Collapsing Buildings

We all have some fascination with collapsing buildings. The World Trade Center tumbling down had the kind of national weight not to be sneezed at for a simple conversation of aesthetics and urbanism, but aesthetics it was, no more striking repeating image drove home both the failure of American foreign policy and the realization that America, for all its broad-smiled vim and vigor, was not universally loved.

I brisk jaunt through YouTube finds collapsing buildings to have fairly high view counts, often in the hundreds of thousands for each building (not even counting the twin towers which oddly have a faction of the views to a video called XXX PORN XXX, with 54,605,695 views and counting).

The urban fabric is composed of these brick and mortar structures, as nothing says city like the towering apartment block or glass and steel modernist spire pocking a hole through the smog.
But these demolitions are as much a destruction of history as march forward of progress (a word you don't heart too much anymore as Western projects has hit a few moral, economic, environmental snags to pure growth). We at Check-in Architecture are neither preservationists or laissez-faire capitalists. We like cities, we like the way they grow and change as humans use them and misuse them over time.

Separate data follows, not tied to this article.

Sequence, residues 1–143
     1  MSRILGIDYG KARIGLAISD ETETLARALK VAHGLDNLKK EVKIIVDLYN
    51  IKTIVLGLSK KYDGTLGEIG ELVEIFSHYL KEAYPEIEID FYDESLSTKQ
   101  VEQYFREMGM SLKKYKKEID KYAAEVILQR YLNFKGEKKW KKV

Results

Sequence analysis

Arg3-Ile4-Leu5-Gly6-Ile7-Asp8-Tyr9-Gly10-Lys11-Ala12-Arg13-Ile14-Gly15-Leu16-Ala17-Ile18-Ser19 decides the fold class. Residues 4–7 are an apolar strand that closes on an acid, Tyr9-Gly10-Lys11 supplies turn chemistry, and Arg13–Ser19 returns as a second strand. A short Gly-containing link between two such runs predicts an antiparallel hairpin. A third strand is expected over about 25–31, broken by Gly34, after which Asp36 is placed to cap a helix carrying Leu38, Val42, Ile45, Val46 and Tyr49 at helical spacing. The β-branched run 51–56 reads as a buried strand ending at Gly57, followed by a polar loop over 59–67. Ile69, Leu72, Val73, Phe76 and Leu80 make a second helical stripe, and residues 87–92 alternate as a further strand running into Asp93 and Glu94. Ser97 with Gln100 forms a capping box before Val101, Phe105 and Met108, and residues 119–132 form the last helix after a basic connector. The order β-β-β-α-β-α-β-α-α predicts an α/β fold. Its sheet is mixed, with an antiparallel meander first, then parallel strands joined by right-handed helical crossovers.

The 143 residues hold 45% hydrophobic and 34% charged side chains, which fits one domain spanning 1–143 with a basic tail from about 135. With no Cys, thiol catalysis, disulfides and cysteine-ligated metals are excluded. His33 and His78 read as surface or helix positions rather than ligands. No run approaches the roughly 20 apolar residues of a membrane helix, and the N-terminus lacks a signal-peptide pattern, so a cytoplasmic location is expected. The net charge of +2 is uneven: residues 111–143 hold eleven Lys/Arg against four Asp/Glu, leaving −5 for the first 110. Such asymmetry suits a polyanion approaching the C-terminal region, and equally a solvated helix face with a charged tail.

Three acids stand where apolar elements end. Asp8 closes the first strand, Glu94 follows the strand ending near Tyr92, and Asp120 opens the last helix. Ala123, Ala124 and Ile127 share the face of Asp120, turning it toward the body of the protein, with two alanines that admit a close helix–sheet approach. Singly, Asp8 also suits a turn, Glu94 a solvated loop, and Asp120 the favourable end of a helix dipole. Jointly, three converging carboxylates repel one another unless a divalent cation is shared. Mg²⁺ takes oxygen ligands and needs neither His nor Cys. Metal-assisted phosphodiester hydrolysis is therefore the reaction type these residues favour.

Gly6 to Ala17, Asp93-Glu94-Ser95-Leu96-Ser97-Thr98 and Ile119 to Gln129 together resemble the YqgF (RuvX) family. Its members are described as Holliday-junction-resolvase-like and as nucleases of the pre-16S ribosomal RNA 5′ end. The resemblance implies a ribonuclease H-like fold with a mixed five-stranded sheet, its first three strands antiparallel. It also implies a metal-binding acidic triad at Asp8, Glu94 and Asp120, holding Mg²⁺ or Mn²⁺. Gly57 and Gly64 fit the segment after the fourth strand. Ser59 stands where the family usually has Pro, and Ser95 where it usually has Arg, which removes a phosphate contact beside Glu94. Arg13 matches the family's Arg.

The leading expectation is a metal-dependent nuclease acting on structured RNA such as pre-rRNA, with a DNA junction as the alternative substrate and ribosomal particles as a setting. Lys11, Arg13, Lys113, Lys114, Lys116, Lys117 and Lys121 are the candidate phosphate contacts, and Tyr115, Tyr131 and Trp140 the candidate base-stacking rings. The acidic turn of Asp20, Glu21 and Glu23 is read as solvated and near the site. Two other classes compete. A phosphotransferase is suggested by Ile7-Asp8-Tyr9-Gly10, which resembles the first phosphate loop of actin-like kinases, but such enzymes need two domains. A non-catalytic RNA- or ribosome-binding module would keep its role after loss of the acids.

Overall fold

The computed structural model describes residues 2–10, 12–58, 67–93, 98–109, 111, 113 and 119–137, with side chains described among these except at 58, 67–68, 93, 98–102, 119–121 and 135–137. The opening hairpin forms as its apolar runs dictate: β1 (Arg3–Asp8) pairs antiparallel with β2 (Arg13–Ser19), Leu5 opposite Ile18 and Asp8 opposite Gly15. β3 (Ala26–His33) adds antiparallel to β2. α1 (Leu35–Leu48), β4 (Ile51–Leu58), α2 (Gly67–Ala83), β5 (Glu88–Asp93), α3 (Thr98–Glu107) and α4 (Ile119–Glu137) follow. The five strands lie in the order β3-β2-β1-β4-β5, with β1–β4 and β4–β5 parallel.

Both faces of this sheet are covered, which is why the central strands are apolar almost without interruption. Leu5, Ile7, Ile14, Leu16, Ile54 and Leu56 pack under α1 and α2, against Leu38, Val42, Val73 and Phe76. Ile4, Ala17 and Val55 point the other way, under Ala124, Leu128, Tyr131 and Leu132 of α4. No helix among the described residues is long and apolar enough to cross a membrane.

Merely observers, though not detached.

And we hate to psychologize too deeply about the sex appeal of collapsing buildings but we all love to see the seemingly permanent fall, we all find a strange thrill in watching the bricks come down, and the city shift and change forever, the taste of apocalypse, the awesome explosions. An element of human tragedy can always be found here as psychic spaces and human experiences in space are dissipated and destroyed by the wrecking ball or the stick of dynamite.

Below is one of my favorites, the two towers look like crumpling flowers, a stark contrast to the seeming permanence and broken promises of the atomic age.

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